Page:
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Chapter 13 : Phylogenetic and Genomic Analysis

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This chapter briefly discusses the different steps in constructing evolutionary trees, including collecting data sets of homologous sequences, generating a multiple-sequence alignment, inferring tree topology, and assessing confidence in the tree. Multiple-sequence alignments are the essential prerequisite for most phylogenetic analyses. There are currently four primary methods for constructing phylogenies from protein and nucleic acid sequence alignments: the distance-based neighbor-joining (NJ) method and the character-based methods, including maximum parsimony (MP), maximum likelihood (ML), and Bayesian inference. The major advantage of bootstrap technique is that it can be applied to basically all tree construction methods, although one has to keep in mind that applying the bootstrap method multiplies the computer time needed by the number of bootstrap samples requested. Until recently, phylogenetic analyses have been routinely based on homologous sequences of a single phylogenetic marker, i.e., the 16S rRNA gene among bacteria. Given the vast number of genome sequences now available, it is possible to compute trees from whole genomes.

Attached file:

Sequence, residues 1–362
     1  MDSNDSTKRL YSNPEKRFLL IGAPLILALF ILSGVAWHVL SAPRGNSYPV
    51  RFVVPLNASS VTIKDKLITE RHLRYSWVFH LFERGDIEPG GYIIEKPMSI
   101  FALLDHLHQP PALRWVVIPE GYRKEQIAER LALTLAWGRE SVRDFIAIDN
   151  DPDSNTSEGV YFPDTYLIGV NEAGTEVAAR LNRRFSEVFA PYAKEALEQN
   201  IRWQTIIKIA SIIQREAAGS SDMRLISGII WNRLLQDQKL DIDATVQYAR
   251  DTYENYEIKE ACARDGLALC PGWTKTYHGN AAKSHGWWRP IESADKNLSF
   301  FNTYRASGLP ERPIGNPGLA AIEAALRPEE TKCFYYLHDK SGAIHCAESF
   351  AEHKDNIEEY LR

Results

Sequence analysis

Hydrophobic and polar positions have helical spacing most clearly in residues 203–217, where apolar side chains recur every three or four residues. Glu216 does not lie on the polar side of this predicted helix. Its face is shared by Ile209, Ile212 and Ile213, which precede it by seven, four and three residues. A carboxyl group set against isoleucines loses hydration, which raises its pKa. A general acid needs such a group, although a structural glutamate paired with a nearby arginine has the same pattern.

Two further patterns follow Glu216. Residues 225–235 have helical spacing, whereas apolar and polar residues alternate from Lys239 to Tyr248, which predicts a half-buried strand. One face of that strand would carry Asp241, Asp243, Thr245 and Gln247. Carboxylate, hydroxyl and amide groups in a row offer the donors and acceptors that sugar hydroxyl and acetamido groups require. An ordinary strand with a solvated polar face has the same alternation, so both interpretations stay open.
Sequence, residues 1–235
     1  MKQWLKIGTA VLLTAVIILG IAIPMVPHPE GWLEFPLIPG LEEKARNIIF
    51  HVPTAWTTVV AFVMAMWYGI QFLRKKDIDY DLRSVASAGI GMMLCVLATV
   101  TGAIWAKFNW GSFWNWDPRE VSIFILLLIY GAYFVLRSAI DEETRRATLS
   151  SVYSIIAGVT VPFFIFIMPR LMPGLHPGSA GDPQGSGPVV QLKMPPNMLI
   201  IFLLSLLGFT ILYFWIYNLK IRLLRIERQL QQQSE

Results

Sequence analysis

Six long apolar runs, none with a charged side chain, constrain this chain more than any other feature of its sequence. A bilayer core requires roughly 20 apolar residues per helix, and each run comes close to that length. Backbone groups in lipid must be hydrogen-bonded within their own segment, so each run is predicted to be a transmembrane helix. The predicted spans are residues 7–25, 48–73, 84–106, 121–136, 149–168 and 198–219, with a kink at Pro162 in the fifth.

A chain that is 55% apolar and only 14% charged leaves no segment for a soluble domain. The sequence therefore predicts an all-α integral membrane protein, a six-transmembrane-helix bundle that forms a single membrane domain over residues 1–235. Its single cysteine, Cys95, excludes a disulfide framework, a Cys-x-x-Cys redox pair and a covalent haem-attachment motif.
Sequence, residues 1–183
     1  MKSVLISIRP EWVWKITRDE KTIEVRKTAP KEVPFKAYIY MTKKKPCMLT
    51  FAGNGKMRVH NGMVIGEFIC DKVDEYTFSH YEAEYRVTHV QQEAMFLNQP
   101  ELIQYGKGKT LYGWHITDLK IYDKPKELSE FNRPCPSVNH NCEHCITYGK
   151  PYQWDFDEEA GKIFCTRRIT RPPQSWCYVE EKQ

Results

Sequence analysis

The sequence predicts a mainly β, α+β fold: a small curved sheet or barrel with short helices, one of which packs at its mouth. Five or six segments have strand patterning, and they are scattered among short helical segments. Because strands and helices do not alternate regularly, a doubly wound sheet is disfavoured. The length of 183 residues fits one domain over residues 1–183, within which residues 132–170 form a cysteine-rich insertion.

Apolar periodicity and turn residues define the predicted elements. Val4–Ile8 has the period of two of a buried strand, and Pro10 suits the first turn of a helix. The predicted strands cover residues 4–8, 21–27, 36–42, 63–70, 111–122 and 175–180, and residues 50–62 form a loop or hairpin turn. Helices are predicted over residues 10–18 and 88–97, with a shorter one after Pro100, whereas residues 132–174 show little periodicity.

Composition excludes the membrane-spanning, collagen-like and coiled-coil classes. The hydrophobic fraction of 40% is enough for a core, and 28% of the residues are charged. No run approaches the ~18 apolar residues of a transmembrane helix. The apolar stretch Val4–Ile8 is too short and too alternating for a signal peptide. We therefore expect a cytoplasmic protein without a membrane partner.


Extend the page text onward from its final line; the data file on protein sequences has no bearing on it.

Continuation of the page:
Citation: Gevers D, Coenye T. 2007. Phylogenetic and Genomic Analysis, p 157-168. In Hurst C, Crawford R, Garland J, Lipson D, Mills A, Stetzenbach L (ed), Manual of Environmental Microbiology, Third Edition. ASM Press, Washington, DC. doi: 10.1128/9781555815882.ch13

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16s rRNA Sequencing
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Bacterial Chromosomal DNA
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Multilocus Sequence Typing
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Horizontal Gene Transfer
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FIGURE 1

Comparison of phylogenetic trees based on 16S rRNA gene (right; scale bar indicates 1% sequence dissimilarity) and (left; scale bar indicates 5% sequence dissimilarity) sequences of a selection of species. Sequences were extracted from GenBank and were aligned by using BioNumerics 4.0 (Applied Maths, Sint-Martens-Latem, Belgium), and trees were constructed based on the NJ algorithm as implemented in BioNumerics 4.0.

Citation: Gevers D, Coenye T. 2007. Phylogenetic and Genomic Analysis, p 157-168. In Hurst C, Crawford R, Garland J, Lipson D, Mills A, Stetzenbach L (ed), Manual of Environmental Microbiology, Third Edition. ASM Press, Washington, DC. doi: 10.1128/9781555815882.ch13
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